CELEBRATING LANCASTER COUNTY'S PEOPLE, SCENERY,

HERITAGE, STYLE & POINT OF VIEW SINCE 1987.

Holiday Central

You name the holiday, and Nathan Mountain and Glenn Taylor decorate their home for it. The décor for Christmas involves at least a dozen trees, floral accents, vintage items, a collection of nutcrackers, homemade stockings, a beloved nativity and a gazillion lights. And, the calendar is filled with non-stop dinner parties!

In the late 80s, Nathan became intrigued by a farm in West Hempfield Township. The 2-1/2-acre property held two barns (one of which was falling down), a corn crib, a milk house and what Nathan calls a turn-of-the-century, 4-over-4 Pennsylvania Dutch-modern farmhouse. The acreage was part of what had once been a large tobacco farm. The most recent owner was also into farming, but unfortunately for him, his crops landed him on the wrong side of the law.

Nathan remembers that the property, which was surrounded by a high stockade fence, “was a mess. It was overgrown, the house was trashed and there was no running water.” Despite its appearance, Nathan stuck to his mantra that “everything has potential.”

The farmette had been acquired by a bank. Nathan and his real estate agent, Rina Aliotta, successfully negotiated the sale via phone calls made between Lancaster (Rina and the bank) and New York (Nathan). Finally, Rina called Nathan to tell him he was now the owner of a farmette that needed a lot of TLC.

Over the course of the next year, Nathan “gutted everything” in the house. After that was accomplished, he built a large addition that holds the kitchen and living room on the first floor and a master suite on the second. “People would drive by, stop, and thank me for saving the property,” he says.

If Nathan’s name rings a bell, you’ve probably seen it on For Sale signs around the county. Originally from Indiana, Pennsylvania, he moved to Lancaster as part of the management team for the restaurant chain, Mr. Steak. An interest in collectibles, cooking and gardening led him to open a specialty shop in East Petersburg that he named The Discovery Bin. “It was a floral shop, bakery and collectibles shop rolled into one,” he explains. Realtors were among his biggest customers. “Marilyn Berger was one of my best customers,” he continues. “She kept telling me I should go into real estate.”

That opportunity presented itself when, out of the blue, someone offered to buy the shop. Nathan followed Marilyn’s advice and became an agent in 2001. His timing wasn’t the greatest, as the market went through a downturn in the aftermath of 9/11. He went on to become associated with Castellum Realty and weathered the bottom dropping out of the market during the Great Recession.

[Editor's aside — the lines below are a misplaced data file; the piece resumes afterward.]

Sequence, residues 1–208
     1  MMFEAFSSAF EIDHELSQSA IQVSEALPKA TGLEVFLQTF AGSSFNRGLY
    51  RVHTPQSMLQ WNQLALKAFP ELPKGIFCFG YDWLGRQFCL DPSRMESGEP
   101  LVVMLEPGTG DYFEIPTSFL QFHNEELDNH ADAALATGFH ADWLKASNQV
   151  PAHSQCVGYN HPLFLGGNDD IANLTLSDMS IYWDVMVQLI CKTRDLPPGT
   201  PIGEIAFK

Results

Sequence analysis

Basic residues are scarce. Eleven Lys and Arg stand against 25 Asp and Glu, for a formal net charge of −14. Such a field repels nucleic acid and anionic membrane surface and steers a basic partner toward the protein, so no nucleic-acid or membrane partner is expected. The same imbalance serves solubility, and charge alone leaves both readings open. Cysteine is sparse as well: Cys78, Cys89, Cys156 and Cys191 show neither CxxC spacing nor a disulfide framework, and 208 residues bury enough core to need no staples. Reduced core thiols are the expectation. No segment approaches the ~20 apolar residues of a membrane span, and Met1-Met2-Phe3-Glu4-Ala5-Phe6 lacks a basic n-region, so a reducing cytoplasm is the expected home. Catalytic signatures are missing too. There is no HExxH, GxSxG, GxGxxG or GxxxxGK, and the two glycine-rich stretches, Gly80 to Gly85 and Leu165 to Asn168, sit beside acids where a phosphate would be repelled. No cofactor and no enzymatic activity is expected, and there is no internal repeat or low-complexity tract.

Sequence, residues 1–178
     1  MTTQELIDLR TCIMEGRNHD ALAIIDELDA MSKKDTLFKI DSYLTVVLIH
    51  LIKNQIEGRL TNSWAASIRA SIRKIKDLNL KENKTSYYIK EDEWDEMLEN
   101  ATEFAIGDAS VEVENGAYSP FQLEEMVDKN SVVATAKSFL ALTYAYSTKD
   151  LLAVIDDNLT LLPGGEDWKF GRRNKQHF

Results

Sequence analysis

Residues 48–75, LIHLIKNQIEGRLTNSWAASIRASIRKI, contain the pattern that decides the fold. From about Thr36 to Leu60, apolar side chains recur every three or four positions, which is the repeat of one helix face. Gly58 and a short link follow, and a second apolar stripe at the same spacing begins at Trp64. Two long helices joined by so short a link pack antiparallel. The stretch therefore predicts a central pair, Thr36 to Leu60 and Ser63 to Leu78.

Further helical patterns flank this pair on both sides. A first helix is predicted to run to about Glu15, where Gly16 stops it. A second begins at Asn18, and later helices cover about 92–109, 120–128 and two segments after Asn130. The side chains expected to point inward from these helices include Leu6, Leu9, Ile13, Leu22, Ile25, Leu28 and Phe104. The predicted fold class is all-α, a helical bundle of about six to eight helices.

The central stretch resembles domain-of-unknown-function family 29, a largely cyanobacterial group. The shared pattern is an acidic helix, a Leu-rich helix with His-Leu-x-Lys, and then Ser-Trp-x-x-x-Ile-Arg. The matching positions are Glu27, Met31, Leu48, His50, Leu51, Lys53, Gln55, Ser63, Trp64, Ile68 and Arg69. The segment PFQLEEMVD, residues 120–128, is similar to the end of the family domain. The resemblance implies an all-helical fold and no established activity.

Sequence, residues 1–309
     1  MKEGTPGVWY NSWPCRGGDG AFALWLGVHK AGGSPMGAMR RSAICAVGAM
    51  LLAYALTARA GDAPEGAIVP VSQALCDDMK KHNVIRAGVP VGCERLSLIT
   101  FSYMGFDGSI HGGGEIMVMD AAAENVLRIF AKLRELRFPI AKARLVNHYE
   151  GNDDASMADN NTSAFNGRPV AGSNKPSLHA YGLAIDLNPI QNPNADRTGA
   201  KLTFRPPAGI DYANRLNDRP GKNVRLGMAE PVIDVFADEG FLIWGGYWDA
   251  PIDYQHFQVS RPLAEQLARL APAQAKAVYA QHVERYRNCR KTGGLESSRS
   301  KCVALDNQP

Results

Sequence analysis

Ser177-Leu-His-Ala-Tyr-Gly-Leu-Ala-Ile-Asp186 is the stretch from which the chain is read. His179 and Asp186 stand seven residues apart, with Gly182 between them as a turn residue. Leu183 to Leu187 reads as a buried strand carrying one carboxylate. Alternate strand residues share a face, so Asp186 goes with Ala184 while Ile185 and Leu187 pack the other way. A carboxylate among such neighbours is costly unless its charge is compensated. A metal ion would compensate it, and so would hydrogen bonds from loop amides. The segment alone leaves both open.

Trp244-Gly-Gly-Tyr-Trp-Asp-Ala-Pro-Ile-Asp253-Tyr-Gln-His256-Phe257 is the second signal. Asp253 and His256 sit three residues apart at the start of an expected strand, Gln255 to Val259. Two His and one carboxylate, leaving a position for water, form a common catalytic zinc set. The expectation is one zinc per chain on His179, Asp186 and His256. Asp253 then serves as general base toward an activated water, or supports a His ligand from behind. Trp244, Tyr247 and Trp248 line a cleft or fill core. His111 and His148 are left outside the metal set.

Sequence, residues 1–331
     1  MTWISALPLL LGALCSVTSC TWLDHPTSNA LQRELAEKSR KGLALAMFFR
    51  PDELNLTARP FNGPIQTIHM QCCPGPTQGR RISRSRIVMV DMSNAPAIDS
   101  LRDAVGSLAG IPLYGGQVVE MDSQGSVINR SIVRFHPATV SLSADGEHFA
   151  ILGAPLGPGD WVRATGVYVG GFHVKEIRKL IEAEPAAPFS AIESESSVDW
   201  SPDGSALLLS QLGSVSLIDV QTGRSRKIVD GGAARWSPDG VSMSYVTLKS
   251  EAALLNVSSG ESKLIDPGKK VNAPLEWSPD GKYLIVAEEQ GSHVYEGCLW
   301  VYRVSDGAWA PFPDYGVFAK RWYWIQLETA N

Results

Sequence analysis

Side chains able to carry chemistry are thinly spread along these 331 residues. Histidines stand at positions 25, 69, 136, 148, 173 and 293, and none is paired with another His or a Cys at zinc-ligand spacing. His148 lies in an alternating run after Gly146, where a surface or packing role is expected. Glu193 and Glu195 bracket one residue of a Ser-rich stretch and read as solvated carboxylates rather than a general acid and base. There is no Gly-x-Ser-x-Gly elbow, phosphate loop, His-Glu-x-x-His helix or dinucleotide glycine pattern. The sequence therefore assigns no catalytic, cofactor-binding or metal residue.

Five years ago, he struck out on his own and founded Mountain Realty. The multi-faceted company serves all of Lancaster County and specializes in assisting everyone from first-time buyers to corporate relocations and downsizers. There are 15 agents on staff, some of whom are bilingual. Glenn, who is originally from Blue Bell in Montgomery County, is employed by the company.

Nathan and Glenn began remodeling the house — for a second time — four years ago. This time around, the projects included a new kitchen, new flooring and refacing the fireplace. Nathan, who inherited woodworking talents from his father, installed the floors himself, using new pine lumber that he distressed. And, they’re still at it, as a new addition will hold a large dining room. They hoped to have it finished in time for Thanksgiving dinner and, following that, Christmas entertaining. They plan to convert the current dining room into a game room or sitting area. What began as a 2,000 square-foot house has grown to include more than 5,000 square feet.

Decorating the house is a year-round endeavor. “Both of us are into holiday decorating and by ‘holiday,’ I mean all of them,” says Nathan, who appropriately enough was born on Christmas Eve. “We love to change the look.” Glenn adds, “We feed off each other.”

For them, the holiday season begins on Black Friday, when they travel to Indiana and visit a tree farm near Nathan’s parents’ home. Wreaths are made, lights are strung, paper whites and amaryllis are grown and Glenn’s collection of nutcrackers take center stage in a cabinet that Nathan’s father made from barn wood.

This year, the tree count will climb to an even dozen, as Nathan and Glenn’s bulldogs will have a dog-themed tree in their honor. Nathan’s mother, who is an accomplished seamstress (she made all the stockings) and quilter, will be making a special skirt for the tree. December will also mark the pups’ first birthday, so a festive birthday party is planned.

Once the holidays are over, the decorating theme morphs into winter, followed by Valentine’s and then Easter. For summer, the focus is on the outdoor areas, and as fall approaches, Halloween and the harvest take over.

Nathan and Glenn love to share their home with friends and family. “We love to entertain,” Nathan remarks. “It’s nice to have people in to enjoy the trees and decorations.” Nathan, who inherited the “cooking gene” from his parents, prepared all the food for the 20 dinner parties he and Glenn hosted last holiday season. “I love to cook and bake,” he says. Glenn takes charge of creating the unique party favors that wow their guests.

If you think cooking all those meals is a feat, Nathan had to take responsibility for all aspects of entertaining for a time last year, as Glenn was under the weather — he had to undergo an emergency appendectomy the week before Christmas!

 

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